Feb. 03, 2023

Memorandum concluded on green hydrogen and ammonia production in Chile—Pursuing efforts to bring about decarbonized societies in Japan and Chile—

Sumitomo Corporation has signed a Memorandum of Understanding (hereinafter, "MOU") with Colbún S.A. (hereinafter, "Colbún"), a leading Chilean power generation and energy solutions provider, on collaborating in the development of a green hydrogen and ammonia production business in Chile.

Signing of MOU with Colbún (Left: Colbún CEO José Ignacio Escobar; right: Sumitomo Corporation Chile President Hayakawa)

Chile's advantages in green hydrogen and ammonia production

Stretching almost 4,300 km from near the equator down to Antarctica, Chile is one of the world's most suitable regions for solar power generation in the north and wind power generation in the south. The cost of electricity accounts for a high percentage of green hydrogen and ammonia production costs, and Chile's high potential for low-cost production using renewable energy is attracting attention from around the world. In 2020 Chile announced its National Green Hydrogen Strategy, aimed at establishing the world's most competitive green hydrogen production system by 2030 and making the country one of the world's top three hydrogen exporters by 2040.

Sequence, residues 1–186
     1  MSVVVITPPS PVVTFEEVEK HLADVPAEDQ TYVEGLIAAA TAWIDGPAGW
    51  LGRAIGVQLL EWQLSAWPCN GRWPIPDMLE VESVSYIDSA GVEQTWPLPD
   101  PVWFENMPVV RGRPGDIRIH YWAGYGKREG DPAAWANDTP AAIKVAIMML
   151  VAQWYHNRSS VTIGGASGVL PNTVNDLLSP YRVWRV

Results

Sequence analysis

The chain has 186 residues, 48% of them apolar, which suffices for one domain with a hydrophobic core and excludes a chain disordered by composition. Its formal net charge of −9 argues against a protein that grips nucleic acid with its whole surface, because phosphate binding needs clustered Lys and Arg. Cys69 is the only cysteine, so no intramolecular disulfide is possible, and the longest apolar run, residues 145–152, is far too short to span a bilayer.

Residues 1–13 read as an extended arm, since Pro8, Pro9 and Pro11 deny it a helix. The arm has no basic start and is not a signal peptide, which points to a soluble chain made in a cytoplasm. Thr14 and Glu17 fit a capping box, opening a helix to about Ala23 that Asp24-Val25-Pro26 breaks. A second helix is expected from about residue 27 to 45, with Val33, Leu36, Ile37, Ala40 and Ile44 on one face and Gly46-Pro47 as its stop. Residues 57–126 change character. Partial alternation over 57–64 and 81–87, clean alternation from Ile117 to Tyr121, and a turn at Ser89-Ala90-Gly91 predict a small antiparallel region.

What is Colbún?

Colbún is one of Chile's leading independent power producers, with its 27 power plants of various types in Chile and Peru possessing a generating capacity of approximately 4,000 MW and accounting for about 15 percent of Chile's domestic power generation market. With a roadmap to carbon neutrality by 2050, the company is pursuing a wide range of decarbonization projects, including renewable energy, energy storage, e-mobility (*1), distributed generation, and energy efficiency improvements. By 2030, the company aims to start up new power generation projects capable of generating approximately 3,000 MW of renewable energy. The company also has outstanding expertise in the development of large-scale power generation projects that are critical to green hydrogen and ammonia production, including Latin America's one of the largest wind power projects with a capacity of 812 MW.

  1. e-mobility refers to the use of electric power from batteries and fuel cells to power vehicles. E.g., electric vehicles

Joint verification of green hydrogen and ammonia production/export under the MOU

This MOU aims to develop green hydrogen and ammonia production and export businesses in northern and southern Chile. Colbún is developing its business in the north through a large-scale photovoltaic power generation project and port facilities owned by Interacid Trading Chile S.A., a wholly-owned subsidiary of Sumitomo Corporation, and in the south through wind power generation.

The biggest technical and economic challenge of using renewable energy to produce green hydrogen and ammonia is ensuring stable operation of hydrogen and ammonia production facilities by controlling fluctuations in output from the power sources used. Sumitomo Corporation, together with its partner Colbún, will work to solve this issue by leveraging its expertise in business development/operation cultivated in various industries.